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Mr. Stessel cited the implementation of a computerized inventory tracking system to better match employees with signed-out equipment and heighten enforcement of restrictions governing the use of Metro purchase cards.

According to the report, the unnamed employee was able to retire in March 2010, with benefits provided by a union, not Metro’s retirement benefits program. In a January 2010 grievance letter accompanying the report, the employee wrote of his “involuntary termination” and that he wanted to explain his actions.

The employee noted in the letter that he had consented to a search of his house. He said he had several broken laptops he was trying to fix and that other equipment was being stored at home while he moved between offices. The employee wrote that he “always tried to give 110-percent toward Metro.”

“I now fully realize I should not have mixed my personal vehicle and home with ATC business,” he added.

The employee also came under scrutiny for numerous questionable transactions involving his Metro-issued purchase card, including a $40 to $50 bag for his fiancee, near weekly purchases at Giant or Safeway supermarkets and other purchases at Best Buy and Wal-Mart, records show.

Metro's Office of Inspector General traced one purchase for more than $800 to a 32-inch computer monitor that investigators saw in the employee’s kitchen. The report said a child was watching a movie on the monitor when investigators searched the residence.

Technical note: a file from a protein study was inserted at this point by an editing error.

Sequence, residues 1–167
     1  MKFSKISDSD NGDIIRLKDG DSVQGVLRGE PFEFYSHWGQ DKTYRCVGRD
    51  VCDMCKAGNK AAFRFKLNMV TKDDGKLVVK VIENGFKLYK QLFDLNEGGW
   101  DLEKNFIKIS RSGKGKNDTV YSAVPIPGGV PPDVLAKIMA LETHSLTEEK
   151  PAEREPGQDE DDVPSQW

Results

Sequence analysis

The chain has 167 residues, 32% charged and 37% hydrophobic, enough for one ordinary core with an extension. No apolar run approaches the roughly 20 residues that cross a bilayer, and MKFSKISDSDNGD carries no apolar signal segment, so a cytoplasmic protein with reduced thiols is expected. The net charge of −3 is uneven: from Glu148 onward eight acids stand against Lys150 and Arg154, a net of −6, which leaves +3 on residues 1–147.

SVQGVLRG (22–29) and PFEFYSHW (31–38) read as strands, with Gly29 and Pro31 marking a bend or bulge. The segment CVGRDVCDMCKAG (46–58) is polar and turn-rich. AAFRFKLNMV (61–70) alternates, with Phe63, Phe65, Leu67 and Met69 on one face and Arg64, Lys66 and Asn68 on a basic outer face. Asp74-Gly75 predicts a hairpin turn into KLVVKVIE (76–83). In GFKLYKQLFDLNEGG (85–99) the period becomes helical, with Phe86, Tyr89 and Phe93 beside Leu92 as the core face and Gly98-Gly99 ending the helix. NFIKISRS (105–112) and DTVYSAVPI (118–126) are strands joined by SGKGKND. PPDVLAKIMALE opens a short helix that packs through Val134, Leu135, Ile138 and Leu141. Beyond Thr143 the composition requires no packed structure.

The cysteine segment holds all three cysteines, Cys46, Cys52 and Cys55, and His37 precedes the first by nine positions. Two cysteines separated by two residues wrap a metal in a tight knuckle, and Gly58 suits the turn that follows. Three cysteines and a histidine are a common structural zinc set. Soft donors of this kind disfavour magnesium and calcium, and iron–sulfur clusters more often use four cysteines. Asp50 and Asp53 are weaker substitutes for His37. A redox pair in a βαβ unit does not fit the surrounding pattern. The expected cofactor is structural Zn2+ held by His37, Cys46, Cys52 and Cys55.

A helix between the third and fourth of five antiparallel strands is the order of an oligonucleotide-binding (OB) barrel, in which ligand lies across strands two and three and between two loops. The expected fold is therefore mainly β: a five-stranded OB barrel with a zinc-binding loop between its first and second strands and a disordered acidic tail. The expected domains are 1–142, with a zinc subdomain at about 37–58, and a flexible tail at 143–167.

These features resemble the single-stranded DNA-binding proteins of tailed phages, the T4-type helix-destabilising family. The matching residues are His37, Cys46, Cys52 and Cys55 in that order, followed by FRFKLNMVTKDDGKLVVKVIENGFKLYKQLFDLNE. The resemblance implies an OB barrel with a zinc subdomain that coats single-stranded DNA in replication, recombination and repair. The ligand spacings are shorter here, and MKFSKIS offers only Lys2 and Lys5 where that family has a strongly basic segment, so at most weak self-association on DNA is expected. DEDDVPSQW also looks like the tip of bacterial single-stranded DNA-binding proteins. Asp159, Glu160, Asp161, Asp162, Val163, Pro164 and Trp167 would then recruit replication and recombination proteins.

In addition, an external computer hard drive that also belonged to Metro contained numerous downloaded movies, the report found.

An internal review conducted within weeks of the start of the investigation listed 645 items of Metro-owned property from the automatic train control branch that could not be located. The list did not include the items recovered from the unnamed employee’s house, the report said.

“An employee in ATC advised that other ATC employees took equipment home,” the report said. Immediately after inspectors recovered property at the employee’s house, “other ATC employees began to bring into the office Metro-owned equipment that they had apparently been keeping at home,” the report said.

The unnamed employee ultimately admitted that he took home 74 pieces of Metro property, but told investigators he was only storing the items and did not intend to keep them. Investigators disagreed, saying the generator had been taken years earlier and that other items in the house were located in the home’s basement with clothing and debris piled on top of them.

“The manner in which the items were kept throughout the house commingled with … personal property and the fact that many of the items were hidden underneath clothes and debris does not reflect intent to store items temporarily for safekeeping,” the report concluded.